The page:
WATER:

Stakes high as Supreme Court weighs intervention in N.M.-Texas dispute

SANTA FE, N.M. -- By the time the Rio Grande reaches the New Mexico-Texas state line, it's more puddle than river.

Texas blames groundwater pumping in New Mexico for the Rio Grande's sorry condition and has asked the U.S. Supreme Court to intervene and force New Mexico to send more water downstream.

The Lone Star State says its neighbor is taking more water than it's allowed under the Rio Grande Compact, which divides water among Colorado, New Mexico and Texas. The Supreme Court will decide whether it will hear Texas' case in the coming weeks.

New Mexico farmers say that if the court takes the case and rules in Texas' favor, their fields could wither, and with them, New Mexico's agricultural economy. Farmers on both sides of the state line are dealing with one of the worst droughts in history.

"A number of farmers depend on pumping water from the Rio Grande, not only near El Paso but all the way down the river," which eventually forms part of the U.S.-Mexico border before flowing into the Gulf of Mexico, said Regan Beck, assistant general counsel for public policy for the Texas Farm Bureau. "Their operations are certainly in jeopardy, since they can't pump water."

Historically, under the Rio Grande Compact, 57 percent of the water supply below Elephant Butte Reservoir in southern New Mexico has been delivered to New Mexicans and 43 percent has been delivered to Texas.

But because of the drought, the federal Bureau of Reclamation, which manages Elephant Butte Reservoir and stores water to meet compact obligations, has decided against releasing water for farmers in southern New Mexico, leaving them dependent on groundwater.

"Texas winning the lawsuit in its entirely as is would be a death knell for agriculture in southern New Mexico," said Matt Rush of the New Mexico Farm and Livestock Bureau in Las Cruces. "We're amidst one of the greatest droughts that we've ever had, and we're without any water from the river."

The only thing keeping southern New Mexico's pecan plantations alive is groundwater pumping, he said, and if farmers are told to shut off their pumps so New Mexico can send more water to Texas, they will be left with no water at all.

"When you're dealing with pecan trees, which are a permanent, year-round crop, if you go without water for a significant amount of time, they're going to die," he said.

New Mexico is the second-largest producer of pecans in the United States, he added.

Just how much groundwater pumping in the lower Rio Grande has affected the river's flows is unknown, however. Texas didn't specify in its lawsuit how much water New Mexico is withholding but said it was enough to irrigate thousands of acres of farmland. The water supply for the city of El Paso, half of which comes from the Rio Grande, is also at risk, according to the suit.

One thing is clear: Farmers in New Mexico have increased groundwater pumping in recent years. New Mexico State Engineer Scott Verhines warned last year that groundwater use had drastically increased as Rio Grande flows shrank.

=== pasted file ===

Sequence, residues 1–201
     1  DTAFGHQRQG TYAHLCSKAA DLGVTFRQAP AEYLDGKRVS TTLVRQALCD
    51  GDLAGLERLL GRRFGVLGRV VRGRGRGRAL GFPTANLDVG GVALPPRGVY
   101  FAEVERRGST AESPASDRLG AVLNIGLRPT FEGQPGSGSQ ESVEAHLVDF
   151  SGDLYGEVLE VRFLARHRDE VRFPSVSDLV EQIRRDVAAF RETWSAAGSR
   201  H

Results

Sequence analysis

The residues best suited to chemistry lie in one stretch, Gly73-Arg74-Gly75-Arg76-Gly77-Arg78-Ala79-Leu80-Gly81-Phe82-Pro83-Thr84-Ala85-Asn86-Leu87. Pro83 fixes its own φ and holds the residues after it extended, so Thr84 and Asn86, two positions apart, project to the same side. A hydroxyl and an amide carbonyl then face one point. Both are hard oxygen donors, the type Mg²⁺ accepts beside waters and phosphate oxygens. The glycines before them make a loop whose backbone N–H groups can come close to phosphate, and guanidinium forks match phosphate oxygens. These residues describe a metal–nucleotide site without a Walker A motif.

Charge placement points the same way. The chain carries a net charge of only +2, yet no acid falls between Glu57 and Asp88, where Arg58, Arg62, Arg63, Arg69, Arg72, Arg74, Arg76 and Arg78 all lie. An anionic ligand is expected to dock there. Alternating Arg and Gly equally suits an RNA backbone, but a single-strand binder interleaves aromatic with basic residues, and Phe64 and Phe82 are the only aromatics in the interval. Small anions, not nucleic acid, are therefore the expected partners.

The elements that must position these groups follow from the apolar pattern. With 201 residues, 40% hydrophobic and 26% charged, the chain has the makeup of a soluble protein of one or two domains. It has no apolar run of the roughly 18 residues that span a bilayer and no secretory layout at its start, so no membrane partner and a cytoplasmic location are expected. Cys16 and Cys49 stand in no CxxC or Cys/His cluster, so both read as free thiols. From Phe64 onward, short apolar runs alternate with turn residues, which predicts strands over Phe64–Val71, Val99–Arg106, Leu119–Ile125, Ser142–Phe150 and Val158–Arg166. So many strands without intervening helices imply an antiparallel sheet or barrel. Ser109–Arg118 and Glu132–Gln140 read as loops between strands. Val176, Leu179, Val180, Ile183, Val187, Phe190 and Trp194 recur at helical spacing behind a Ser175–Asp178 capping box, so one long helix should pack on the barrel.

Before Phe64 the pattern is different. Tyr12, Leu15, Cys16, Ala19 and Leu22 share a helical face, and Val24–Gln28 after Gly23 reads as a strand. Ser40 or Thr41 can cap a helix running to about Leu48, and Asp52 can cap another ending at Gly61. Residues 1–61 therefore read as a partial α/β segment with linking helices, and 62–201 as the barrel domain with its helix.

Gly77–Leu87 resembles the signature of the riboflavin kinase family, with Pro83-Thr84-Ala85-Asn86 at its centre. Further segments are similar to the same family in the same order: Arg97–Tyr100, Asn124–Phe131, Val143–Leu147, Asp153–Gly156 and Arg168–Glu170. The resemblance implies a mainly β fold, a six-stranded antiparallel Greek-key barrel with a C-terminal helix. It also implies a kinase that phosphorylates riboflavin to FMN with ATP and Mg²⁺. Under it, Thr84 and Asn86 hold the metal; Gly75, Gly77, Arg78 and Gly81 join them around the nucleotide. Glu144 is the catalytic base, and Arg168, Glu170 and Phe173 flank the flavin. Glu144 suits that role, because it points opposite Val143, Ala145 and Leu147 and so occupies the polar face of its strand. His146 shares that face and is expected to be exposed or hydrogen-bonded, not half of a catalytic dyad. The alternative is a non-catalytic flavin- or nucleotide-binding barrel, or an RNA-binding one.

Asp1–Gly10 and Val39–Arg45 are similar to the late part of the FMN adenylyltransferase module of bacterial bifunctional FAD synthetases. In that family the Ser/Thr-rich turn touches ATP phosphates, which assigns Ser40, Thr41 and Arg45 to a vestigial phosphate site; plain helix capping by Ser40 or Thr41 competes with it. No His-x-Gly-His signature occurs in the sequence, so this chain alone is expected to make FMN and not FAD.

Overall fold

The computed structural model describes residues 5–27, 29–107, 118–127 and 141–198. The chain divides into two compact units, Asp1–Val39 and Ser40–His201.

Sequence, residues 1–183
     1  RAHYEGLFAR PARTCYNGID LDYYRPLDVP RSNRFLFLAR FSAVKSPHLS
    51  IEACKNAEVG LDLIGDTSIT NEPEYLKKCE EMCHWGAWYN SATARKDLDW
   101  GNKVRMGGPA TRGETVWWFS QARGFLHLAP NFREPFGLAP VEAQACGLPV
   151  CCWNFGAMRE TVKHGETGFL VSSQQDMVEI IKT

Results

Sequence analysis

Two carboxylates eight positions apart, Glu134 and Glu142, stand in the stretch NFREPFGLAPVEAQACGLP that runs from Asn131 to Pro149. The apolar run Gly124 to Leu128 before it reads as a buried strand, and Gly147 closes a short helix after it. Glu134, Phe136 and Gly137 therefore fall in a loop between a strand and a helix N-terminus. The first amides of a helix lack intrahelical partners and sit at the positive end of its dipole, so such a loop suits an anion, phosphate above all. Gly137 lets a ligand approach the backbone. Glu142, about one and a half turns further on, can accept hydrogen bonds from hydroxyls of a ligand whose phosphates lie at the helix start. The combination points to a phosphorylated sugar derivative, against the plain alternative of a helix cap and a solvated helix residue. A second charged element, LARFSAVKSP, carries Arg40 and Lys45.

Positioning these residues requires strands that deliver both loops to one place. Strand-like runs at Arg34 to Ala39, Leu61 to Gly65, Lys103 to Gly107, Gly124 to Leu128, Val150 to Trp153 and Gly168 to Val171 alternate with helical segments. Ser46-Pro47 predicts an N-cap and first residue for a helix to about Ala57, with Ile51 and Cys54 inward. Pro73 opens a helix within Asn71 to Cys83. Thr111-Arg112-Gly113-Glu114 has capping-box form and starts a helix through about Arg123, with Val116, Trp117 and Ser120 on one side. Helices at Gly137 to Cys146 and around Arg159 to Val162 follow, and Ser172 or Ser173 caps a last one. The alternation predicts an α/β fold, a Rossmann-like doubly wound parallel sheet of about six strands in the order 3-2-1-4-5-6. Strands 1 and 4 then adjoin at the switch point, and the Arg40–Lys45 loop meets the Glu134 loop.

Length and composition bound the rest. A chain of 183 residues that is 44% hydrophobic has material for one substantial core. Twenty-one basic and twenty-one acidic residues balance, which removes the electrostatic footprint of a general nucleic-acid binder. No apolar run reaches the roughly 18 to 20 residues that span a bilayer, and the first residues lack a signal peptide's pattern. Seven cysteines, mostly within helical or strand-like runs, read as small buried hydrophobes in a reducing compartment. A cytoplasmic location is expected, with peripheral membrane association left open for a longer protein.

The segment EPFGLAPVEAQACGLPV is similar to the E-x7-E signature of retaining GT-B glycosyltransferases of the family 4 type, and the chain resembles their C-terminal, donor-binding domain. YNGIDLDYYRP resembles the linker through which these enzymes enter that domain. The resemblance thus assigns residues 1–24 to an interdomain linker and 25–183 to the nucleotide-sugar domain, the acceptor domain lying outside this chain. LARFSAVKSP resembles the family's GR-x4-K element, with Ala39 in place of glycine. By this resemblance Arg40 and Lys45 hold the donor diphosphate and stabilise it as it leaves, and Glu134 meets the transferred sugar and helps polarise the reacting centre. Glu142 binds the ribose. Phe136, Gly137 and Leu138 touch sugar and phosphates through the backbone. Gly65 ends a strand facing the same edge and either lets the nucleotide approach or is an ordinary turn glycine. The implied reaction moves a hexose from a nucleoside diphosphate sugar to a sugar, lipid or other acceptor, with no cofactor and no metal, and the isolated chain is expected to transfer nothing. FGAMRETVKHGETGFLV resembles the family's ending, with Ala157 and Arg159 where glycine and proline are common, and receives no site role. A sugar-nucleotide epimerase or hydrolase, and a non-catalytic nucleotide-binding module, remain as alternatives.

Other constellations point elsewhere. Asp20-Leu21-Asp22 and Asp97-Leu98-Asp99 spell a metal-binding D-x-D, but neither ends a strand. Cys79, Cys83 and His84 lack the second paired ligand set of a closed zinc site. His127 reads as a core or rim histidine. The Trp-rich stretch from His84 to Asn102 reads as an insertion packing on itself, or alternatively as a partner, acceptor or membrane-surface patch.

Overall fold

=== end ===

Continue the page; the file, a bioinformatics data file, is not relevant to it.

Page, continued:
Water 'rustling'

This isn't the first time the two states have tussled over the Rio Grande.

Under a 2008 agreement between Reclamation and irrigation districts in both states, New Mexico agreed to send more Rio Grande water to Texas to compensate for groundwater pumping. But New Mexico Attorney General Gary King (D) didn't like the deal, and in 2011 the state filed suit over it in federal court, saying Texas was getting too much water under the agreement and that it would hurt New Mexico agriculture to the tune of $183 million.

Texas saw that move as an attempt to circumvent the compact and decided to lob its own complaint "to protect its rights to the water legally apportioned to it," according to a statement from the Texas Commission on Environmental Quality.

King shot back, saying in a statement that Texas is "trying to rustle New Mexico's water and using a lawsuit to extort an agreement that would only benefit Texas while destroying water resources for hundreds of thousands of New Mexicans."

Some say the Texas suit is retaliation for New Mexico's recent legal action.

"In my opinion, I think this is a political issue more than anything else," Rush said, adding he doesn't think groundwater pumping in southern New Mexico is affecting Texas water deliveries.

Water disputes between the two states go back almost a century. A similar fracas over the Pecos River in eastern New Mexico and west Texas ended with the Lone Star State receiving more water. Water managers bought up water rights from farmers to comply with a court decision in favor of Texas and send more water downstream.

Farming interests in New Mexico are fearful that the same thing will happen in the Rio Grande Basin, with dire consequences for agriculture there.

"In these compact disputes, the lower state always has the upper hand," Rush said.

But regardless of how the legal battle turns out, the larger issue of how to find enough water to sustain some of the most valuable farmland in the country likely will remain elusive.

The Texas-New Mexico water war could be a harbinger of things to come, not only in the Southwest but throughout the West, as water managers struggle to keep irrigation canals full and taps flowing amid a changing climate and more frequent droughts.

"We haven't had this kind of a drought ever before," Rush said. "We thought the year before last was the worst we ever had, but this one is worse. And by all accounts, next year will be just as bad."

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